The ongoing COVID-19 crisis is presenting fund managers with numerous challenges. One key challenge is to make sure that their portfolio companies have sufficient capital available to weather this particular storm. But how can fund managers ensure the liquidity required by their funds and portfolio companies is available?
Proskauer’s leading Private Investment Funds team examines the ‘recycling’ options available in the market and outlines the main considerations fund managers should keep in mind when considering liquidity options.
Fund recycling explained
When fund managers find their portfolios in need of additional funding they can seek financing from multiple sources of alternative capital to help them get through challenging periods. These would include co-investments, annex or top-up vehicles, borrowing from third party lenders, GP-led secondary transactions, ‘preferred-equity’ solutions, reinvesting cash received by the fund from investments and/or maximising their funds’ undrawn commitments through recalling previously distributed cash. This ‘recycling’ allows fund managers to inject much needed short term capital.
The recycling options available to a fund will depend on what is included in the fund’s governing documents. These are some of the most commonly available options to recycle distributions:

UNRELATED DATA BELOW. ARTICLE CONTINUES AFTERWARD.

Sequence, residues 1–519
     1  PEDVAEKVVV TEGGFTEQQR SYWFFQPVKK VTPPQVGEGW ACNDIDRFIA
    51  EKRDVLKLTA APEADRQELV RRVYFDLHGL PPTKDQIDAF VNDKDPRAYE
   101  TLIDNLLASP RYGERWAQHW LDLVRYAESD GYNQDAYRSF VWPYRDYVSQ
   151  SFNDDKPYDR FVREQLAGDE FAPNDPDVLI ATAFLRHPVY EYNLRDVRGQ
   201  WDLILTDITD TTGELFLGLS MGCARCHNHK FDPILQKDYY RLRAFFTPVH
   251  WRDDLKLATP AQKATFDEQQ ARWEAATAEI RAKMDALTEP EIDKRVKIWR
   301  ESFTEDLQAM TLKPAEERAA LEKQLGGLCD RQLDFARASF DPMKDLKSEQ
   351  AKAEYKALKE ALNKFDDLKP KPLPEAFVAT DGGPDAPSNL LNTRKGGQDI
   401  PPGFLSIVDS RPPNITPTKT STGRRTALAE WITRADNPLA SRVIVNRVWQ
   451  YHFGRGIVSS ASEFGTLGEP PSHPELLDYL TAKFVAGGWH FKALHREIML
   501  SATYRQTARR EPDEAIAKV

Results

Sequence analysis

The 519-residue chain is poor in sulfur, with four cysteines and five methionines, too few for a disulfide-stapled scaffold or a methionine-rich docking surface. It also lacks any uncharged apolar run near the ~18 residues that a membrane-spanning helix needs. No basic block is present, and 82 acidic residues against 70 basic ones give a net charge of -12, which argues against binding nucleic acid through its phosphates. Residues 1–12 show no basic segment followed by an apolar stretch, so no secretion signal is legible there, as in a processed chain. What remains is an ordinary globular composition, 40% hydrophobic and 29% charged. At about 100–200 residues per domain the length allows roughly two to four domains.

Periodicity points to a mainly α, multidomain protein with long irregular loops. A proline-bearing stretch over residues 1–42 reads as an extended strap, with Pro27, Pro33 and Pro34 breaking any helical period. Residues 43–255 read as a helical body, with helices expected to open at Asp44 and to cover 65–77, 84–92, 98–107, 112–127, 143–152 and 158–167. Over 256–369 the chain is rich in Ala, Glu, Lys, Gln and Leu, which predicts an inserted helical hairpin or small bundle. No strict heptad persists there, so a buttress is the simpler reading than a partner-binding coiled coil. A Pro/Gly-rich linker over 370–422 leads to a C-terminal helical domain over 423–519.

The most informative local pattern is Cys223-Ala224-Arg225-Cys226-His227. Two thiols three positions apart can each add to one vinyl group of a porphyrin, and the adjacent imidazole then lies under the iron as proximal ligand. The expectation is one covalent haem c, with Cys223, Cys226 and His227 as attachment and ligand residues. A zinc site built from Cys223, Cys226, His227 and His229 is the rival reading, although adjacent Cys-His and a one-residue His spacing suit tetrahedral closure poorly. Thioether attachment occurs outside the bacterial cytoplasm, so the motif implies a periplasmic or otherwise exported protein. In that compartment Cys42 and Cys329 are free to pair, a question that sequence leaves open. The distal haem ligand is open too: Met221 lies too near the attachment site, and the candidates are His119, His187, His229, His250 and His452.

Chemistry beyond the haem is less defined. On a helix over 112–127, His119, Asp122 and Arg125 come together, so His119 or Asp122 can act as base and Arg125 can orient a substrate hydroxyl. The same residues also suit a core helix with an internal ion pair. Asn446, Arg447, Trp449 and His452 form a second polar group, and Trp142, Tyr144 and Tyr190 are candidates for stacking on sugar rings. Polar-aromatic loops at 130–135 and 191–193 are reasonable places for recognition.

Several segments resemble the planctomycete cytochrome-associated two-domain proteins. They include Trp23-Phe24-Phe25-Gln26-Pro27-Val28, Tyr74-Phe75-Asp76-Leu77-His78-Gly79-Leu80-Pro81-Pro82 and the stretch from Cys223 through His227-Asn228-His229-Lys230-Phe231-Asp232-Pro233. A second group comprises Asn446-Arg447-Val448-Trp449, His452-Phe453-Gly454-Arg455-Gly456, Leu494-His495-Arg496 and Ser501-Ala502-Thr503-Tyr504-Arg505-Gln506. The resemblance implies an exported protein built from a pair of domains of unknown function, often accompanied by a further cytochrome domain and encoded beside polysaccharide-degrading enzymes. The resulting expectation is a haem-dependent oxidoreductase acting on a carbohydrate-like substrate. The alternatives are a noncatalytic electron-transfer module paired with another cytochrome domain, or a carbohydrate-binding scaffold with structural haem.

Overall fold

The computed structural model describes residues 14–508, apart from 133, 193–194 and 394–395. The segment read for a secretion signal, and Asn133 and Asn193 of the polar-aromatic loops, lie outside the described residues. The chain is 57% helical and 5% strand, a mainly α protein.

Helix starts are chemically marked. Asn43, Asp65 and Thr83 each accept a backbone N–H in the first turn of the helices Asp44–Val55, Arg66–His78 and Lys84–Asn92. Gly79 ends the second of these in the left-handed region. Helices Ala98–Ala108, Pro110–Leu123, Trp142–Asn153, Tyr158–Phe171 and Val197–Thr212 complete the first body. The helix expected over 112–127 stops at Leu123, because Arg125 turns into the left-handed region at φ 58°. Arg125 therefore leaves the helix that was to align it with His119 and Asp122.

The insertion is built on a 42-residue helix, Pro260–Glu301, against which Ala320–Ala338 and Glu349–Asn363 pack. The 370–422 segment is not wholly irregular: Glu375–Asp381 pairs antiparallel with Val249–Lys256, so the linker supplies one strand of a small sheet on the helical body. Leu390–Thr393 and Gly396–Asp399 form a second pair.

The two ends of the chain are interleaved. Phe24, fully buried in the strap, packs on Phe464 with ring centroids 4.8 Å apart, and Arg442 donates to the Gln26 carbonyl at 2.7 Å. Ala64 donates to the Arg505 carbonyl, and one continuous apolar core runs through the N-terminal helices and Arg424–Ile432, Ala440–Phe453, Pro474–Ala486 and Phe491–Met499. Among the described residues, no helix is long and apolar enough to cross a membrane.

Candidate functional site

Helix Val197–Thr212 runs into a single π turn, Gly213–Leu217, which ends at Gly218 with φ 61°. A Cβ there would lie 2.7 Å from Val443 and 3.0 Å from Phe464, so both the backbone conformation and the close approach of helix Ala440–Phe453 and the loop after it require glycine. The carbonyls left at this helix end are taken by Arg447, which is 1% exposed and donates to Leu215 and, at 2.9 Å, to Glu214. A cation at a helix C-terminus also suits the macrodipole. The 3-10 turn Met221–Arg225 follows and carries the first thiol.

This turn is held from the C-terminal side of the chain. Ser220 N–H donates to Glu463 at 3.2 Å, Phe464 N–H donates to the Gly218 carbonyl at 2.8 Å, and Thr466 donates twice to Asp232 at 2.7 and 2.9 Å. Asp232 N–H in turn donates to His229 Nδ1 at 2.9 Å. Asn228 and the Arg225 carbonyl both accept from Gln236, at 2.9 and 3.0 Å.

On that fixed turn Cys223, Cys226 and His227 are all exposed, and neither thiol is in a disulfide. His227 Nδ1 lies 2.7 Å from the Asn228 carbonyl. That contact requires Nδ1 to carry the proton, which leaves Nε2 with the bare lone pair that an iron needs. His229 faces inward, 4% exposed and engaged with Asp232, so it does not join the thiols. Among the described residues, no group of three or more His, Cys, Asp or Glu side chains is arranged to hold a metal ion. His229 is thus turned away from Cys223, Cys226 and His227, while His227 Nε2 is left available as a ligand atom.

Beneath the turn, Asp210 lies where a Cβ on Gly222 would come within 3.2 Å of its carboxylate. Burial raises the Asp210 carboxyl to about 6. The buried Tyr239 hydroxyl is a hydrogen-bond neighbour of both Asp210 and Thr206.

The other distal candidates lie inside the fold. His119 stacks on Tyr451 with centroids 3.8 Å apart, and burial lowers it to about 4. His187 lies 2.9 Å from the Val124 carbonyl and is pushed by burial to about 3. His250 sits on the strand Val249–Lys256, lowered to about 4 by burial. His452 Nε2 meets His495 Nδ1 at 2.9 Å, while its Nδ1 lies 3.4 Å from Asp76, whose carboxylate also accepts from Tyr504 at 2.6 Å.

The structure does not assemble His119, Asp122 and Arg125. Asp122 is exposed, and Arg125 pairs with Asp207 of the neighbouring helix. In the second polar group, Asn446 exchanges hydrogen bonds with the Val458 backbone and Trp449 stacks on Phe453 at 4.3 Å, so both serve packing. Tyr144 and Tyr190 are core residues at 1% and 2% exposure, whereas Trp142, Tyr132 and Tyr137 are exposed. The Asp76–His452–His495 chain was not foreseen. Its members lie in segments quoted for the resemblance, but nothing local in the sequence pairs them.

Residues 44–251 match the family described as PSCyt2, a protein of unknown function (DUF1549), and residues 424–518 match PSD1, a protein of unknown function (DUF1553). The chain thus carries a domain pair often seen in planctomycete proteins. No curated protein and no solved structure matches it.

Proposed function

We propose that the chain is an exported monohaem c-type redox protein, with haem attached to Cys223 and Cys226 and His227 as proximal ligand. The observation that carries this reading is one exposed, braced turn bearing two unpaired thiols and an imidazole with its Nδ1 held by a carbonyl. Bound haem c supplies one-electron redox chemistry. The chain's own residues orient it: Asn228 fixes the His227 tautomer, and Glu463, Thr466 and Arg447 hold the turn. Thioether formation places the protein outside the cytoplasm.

- Amounts drawn for investment or another purpose but ultimately returned to investors unused
- Amounts returned to investors following the admission of subsequent closers
- Distributions received from investments within the fund’s investment period
- Distributions received from investments which are realised shortly after being acquired
- Distributions received from underwriting transactions and bridging investments, where such investments are syndicated or realised within a certain time period
- Amounts received up to the amount paid as the fund’s management fee, establishment costs, and operating expenses
To the extent these options are not already being fully exploited by a fund, they can be used to provide a reasonably substantial increase to the amount of capital that can be deployed in a relatively short time frame.
Top three limitations
One. Fund managers should remember that, generally, any limitations already applied to the drawdown of capital from investors will equally apply to recycling options. So, if the fund’s investment period has expired, for example, there may be limits on the timing, and amount, of follow-on investments.
Two. A fund may have extensive recycling provisions at its disposal, but there will be limits on how much it can utilise.
A few common recycling limitations include:
- Individual commitments: an investor’s outstanding drawn commitment may not exceed the investor’s initial commitment
- Collective commitments: at a group level, aggregate invested capital in portfolio companies may not exceed a certain percentage of aggregate investor commitments.
- Portfolio company: at a portfolio company level, the fund may only invest a certain aggregate amount in any one portfolio company or geography.